SACRAMENTO, Calif. -- Three-time defending Tour of California champion Levi Leipheimer hopes his fortunes won't shift in this year's race, where many other things have changed.
The most prestigious cycling event in North America will roll out Sunday in the gold-rush town of Nevada City, Calif., northeast of the state capital, and hopscotch south through many of the state's most iconic urban and rural landscapes before finishing May 23 in the hills above Los Angeles.
This fifth-anniversary edition of the event is being run in what will hopefully prove to be more hospitable weather than its previous iterations in February, but its dates directly conflict with the heart of the Giro d'Italia, the first of cycling's trio of three-week Grand Tours. The 2010 California course is longer and more difficult than past versions and features the first finish at significant altitude.
Given his druthers, the 36-year-old Leipheimer -- who has stood on three final podiums at Grand Tours -- would have made the route harder still. He predicted there could be as many as 20 riders within striking distance of the top three going into the time trial in Los Angeles on the second-to-last day of the race.
"Every day has a climb, but not a decisive one," he told ESPN.com last week. "No climb comes close enough to the finish, and there isn't a true uphill finish. You can't point to a stage where it's all going to happen. There's nowhere to assert yourself early. That might mean everyone [in overall contention] is going to stay together more, because everyone is fitter than they would be earlier in the season."
Don't take Leipheimer the wrong way. He's glad to be back for the race he has owned since 2007, and his RadioShack team -- unencumbered by any Giro obligations -- has surrounded him with reliable, well-drilled support. His right-hand rider, as was the case last year, will be seven-time Tour de France winner Lance Armstrong, who has had a low-profile early season noticeably free of the public drama and contentiousness that marked his 2009 comeback.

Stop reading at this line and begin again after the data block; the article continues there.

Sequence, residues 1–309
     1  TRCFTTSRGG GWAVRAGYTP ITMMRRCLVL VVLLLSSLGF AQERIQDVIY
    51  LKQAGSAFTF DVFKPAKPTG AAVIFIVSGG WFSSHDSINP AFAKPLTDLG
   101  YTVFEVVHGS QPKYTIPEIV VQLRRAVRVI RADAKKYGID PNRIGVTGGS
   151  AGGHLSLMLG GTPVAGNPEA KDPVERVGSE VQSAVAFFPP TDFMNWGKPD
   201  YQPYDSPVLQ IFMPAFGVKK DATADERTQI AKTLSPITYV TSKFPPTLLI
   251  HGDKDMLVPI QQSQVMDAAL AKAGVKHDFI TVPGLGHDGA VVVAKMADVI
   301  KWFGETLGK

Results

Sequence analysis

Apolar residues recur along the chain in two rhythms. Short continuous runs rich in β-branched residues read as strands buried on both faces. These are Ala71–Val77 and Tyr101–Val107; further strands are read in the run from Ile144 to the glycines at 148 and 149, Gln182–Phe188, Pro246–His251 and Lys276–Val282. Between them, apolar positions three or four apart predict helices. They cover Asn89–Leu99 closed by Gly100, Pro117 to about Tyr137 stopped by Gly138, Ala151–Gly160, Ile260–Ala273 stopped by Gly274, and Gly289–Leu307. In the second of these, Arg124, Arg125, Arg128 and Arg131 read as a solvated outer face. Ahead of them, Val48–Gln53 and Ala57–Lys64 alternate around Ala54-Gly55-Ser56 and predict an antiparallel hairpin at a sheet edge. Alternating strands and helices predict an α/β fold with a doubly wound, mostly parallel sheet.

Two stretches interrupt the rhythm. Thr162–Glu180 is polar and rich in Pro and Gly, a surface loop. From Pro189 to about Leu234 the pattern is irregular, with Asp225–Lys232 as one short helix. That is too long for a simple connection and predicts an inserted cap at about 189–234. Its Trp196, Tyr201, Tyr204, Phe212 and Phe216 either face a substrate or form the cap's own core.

Leipheimer has home-court advantage in Northern California as a resident of Santa Rosa -- the Stage 2 finish city -- and is intimately familiar with the roads in that region. That's not the case with the time trial, which Leipheimer previewed recently with the help of race officials who escorted him through the famously congested streets of downtown Los Angeles.
"Solvang was a really cool course," said Leipheimer, referring to the rolling terrain around the quaint hamlet near Santa Barbara where he dominated the race against the clock in previous years. "I'd rather be back there, but this is a challenge. Just have to figure out how I'm going to do it."
The most obvious reason for organizers to request new dates was to get out from under California's typical February climate. The race was blessed by unseasonably good weather in its first two years of existence, but torrential rain, cold temperatures and high winds have battered the peloton over the past two editions.
Ironically, the weather gods still found a way to intervene this year. Erosion caused by wildfires, strong winter storms and rock and mud slides punched out portions of the road organizers had earmarked for the Stage 6 climb to Big Bear Lake, and the state did not have the money to repair them in time. The queen stage start was relocated from Pasadena to Palmdale to allow an alternate approach that includes seven climbs and hits 8,000-feet altitude at its high point. Although it's no spin in the park, calling the stage's terminus at a ski resort an "uphill finish" is somewhat of a misnomer, as the road evens out for much of the final 10 miles.
There was also a commercial motive behind the calendar change. Rather than being an interesting early-season gadabout, the Tour of California is now a relevant tuneup for the Tour de France, which begins six weeks later. The parent company of the Tour de France, Amaury Sport Organisation, has intensified its end of the marketing partnership with race owner AEG Sports and now handles television production as well as distribution and rights agreements. Some of the same special camera equipment and crews that make the Tour de France so visually stunning for at-home viewers have been shipped across the Atlantic for the occasion.